We were made to workJune 7, 2016
With summer time comes the opportunity for many of us to take a vacation. Time away to rest and spend time as a family is important. We just returned from some wonderful friend and family time away.
I’ll admit that sitting on the porch, listening to the birds, and allowing the hours to simply pass made me wish it would never end. Why can’t we just be on vacation all the time? If we allow ourselves to think this way, work can begin to seem like the enemy. The thief of joy and freedom. The perspective is tempting– but it’s not God’s perspective.
[tweetthis]Ever long to be on vacation all the time? If work feels like an evil master to you then it’s time to rethink work.[/tweetthis]
If work feels like an evil master to you then it’s time to rethink work. Like everything else in life, work has been marred by sin and it is one very real way we live with the consequences of The Fall. Our efforts and motivations are imperfect– as are the outcomes.
But consider– that’s not how it is meant to be.
How do you view work? As a God-given opportunity or as meaningless toil? Would it surprise you to learn that we were made to work? That’s right. Work – but not toil – existed before the Fall.
We do what we do because of who we are as stewards of all that God has placed without our management. That includes internal work to bring our minds and hearts into conformity with Jesus Christ. That includes work to bring justice to a world of injustice and life and light to a culture fixated on death and darkness. And yes, it includes the workaday world of bringing the life God has given us to produce good fruit through daily labor.
The overwhelming majority of God’s people go pro in something other than formal ministry. And yet, God intends that every believer be a missionary and a minister of reconciliation right where they are. God has intentionally called you to do what you do in order that you can be who you are as His agent of grace in that place with those people. You are the living demonstration of the Gospel whom God has sent to work the fast food line, the grocery store register, the reception desk and the landscaping crew. You feed, you greet, you plant in the Spirit of Jesus Christ. You are not what you are doing, you are being who you are.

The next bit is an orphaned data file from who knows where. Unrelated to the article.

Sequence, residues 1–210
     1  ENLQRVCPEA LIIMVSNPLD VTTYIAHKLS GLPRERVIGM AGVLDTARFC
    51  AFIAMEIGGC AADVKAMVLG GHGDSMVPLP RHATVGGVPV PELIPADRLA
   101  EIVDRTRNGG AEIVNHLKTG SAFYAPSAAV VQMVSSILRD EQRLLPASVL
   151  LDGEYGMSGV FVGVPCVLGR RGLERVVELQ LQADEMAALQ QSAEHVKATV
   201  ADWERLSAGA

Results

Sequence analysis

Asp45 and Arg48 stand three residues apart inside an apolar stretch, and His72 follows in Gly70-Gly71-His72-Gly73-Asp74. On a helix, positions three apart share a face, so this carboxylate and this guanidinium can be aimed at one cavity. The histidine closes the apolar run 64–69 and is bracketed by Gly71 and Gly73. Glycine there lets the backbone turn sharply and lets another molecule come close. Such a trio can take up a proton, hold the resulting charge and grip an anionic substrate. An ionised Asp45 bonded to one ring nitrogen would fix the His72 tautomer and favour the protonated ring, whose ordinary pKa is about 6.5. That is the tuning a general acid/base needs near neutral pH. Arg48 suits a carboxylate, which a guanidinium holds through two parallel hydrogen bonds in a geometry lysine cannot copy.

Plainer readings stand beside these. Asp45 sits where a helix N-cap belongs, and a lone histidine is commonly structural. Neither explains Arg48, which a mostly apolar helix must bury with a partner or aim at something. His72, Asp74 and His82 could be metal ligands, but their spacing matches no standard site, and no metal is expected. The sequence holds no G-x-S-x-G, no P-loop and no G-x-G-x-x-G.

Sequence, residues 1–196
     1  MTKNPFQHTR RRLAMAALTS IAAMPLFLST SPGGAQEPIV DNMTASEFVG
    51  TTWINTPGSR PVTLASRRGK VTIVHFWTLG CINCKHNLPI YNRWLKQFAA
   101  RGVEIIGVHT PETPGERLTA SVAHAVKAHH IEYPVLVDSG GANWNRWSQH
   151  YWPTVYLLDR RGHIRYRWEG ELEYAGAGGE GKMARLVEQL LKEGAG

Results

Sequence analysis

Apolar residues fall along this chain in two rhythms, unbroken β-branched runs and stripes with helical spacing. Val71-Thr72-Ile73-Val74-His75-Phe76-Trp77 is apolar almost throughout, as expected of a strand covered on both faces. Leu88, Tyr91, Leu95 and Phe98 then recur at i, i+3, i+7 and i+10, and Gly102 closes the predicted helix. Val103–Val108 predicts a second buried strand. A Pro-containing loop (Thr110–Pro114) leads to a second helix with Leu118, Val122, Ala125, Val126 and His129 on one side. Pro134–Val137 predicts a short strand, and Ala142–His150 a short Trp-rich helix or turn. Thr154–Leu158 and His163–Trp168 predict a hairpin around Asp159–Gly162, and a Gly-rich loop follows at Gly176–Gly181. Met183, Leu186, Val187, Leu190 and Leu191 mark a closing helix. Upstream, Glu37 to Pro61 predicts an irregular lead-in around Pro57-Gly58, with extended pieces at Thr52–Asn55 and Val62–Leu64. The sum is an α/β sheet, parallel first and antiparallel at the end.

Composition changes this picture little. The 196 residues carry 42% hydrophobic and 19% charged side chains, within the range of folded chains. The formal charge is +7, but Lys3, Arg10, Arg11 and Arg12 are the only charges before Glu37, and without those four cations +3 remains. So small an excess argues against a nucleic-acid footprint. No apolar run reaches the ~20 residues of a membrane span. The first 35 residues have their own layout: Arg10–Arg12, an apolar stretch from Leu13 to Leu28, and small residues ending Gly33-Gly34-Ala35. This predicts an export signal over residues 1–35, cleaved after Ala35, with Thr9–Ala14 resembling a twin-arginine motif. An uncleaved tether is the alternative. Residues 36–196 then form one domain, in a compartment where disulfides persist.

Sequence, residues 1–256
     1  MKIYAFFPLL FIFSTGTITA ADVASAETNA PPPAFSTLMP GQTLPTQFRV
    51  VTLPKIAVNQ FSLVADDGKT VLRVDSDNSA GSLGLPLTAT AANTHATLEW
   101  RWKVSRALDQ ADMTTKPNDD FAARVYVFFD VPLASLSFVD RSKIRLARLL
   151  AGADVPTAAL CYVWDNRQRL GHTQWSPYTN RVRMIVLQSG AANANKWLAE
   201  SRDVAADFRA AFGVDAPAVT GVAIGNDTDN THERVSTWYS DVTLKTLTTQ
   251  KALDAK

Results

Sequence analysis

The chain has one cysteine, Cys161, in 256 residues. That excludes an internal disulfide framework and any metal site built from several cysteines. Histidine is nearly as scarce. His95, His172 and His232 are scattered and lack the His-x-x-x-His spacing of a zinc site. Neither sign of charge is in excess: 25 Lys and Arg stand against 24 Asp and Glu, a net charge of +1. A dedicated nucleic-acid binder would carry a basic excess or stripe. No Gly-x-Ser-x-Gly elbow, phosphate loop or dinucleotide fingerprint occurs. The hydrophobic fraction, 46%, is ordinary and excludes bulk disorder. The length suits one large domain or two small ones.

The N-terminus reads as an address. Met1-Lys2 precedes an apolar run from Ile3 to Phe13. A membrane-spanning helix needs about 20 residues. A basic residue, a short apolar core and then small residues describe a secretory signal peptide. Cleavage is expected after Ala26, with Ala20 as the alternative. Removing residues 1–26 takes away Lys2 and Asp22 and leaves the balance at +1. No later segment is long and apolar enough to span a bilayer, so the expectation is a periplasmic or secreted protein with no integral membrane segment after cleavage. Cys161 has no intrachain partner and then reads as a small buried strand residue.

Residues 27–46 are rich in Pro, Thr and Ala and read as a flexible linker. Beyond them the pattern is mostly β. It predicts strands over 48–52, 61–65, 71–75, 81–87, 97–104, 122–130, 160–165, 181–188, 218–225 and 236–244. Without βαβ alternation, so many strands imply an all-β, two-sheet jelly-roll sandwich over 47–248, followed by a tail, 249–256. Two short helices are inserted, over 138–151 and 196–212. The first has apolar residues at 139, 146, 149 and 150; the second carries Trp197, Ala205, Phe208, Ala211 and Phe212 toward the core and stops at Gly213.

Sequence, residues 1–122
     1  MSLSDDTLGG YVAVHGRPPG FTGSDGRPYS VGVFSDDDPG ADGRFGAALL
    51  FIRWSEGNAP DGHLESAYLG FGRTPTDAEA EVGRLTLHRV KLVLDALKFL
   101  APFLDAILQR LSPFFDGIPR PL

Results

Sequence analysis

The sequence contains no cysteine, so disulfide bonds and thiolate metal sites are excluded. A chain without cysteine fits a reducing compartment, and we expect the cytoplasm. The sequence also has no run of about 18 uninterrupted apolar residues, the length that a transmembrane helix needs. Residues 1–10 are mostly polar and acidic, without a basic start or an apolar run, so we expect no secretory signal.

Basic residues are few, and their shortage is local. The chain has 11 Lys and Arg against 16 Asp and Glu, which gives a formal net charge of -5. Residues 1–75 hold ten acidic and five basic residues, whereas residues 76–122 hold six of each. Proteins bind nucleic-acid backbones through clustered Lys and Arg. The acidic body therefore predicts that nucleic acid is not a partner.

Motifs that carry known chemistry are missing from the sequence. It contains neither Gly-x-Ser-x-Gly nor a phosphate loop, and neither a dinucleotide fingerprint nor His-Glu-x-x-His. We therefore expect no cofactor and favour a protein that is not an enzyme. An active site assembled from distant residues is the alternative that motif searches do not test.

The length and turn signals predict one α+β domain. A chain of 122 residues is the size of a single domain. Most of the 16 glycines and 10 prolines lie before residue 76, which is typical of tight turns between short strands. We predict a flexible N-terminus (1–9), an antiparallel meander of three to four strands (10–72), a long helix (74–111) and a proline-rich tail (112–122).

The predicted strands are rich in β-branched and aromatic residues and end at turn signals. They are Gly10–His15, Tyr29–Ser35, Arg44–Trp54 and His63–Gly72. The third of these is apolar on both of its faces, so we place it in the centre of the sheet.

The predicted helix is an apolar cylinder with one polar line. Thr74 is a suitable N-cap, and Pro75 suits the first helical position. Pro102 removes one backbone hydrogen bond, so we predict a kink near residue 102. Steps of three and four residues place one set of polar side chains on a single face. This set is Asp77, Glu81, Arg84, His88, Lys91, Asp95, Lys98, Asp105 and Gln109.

But what about when our labor comes to an end? Do we lose our meaning when we retire from what we do? Only if we see ourselves as human doings instead of human beings.
It’s important to note that there no retirement in the Bible. You never retire from the Gospel advancing work to which you have been called. Life is to be lived on purpose, purposefully and toward a purpose. Retirement suggests that the productive and purposeful part of your life is somehow over and, like an old horse, it’s time to be put out to pasture. That may be American but it’s not Biblical. Christians are called to lead lives that are worthy of the calling of Jesus Christ from youth to old age.
[tweetthis]As a Christian, how do you answer the question “what do you do?”[/tweetthis]
“What do you do?” and “Where are you from?” are the first two questions most of us are asked when we meet new people. As a Christian, how are you answering those questions?
I advance the Kingdom of God, that’s what I do. Regardless of where I am, who I’m with or what I’m doing, I am always seeking to advance the Gospel. And where am I from? Well, I’d rather talk about where I’m headed. I’m a citizen of another Kingdom. So, right now, I’m an ambassador of my King. His name is Jesus. Have you heard of him? (Now you’ve really got a conversation started!)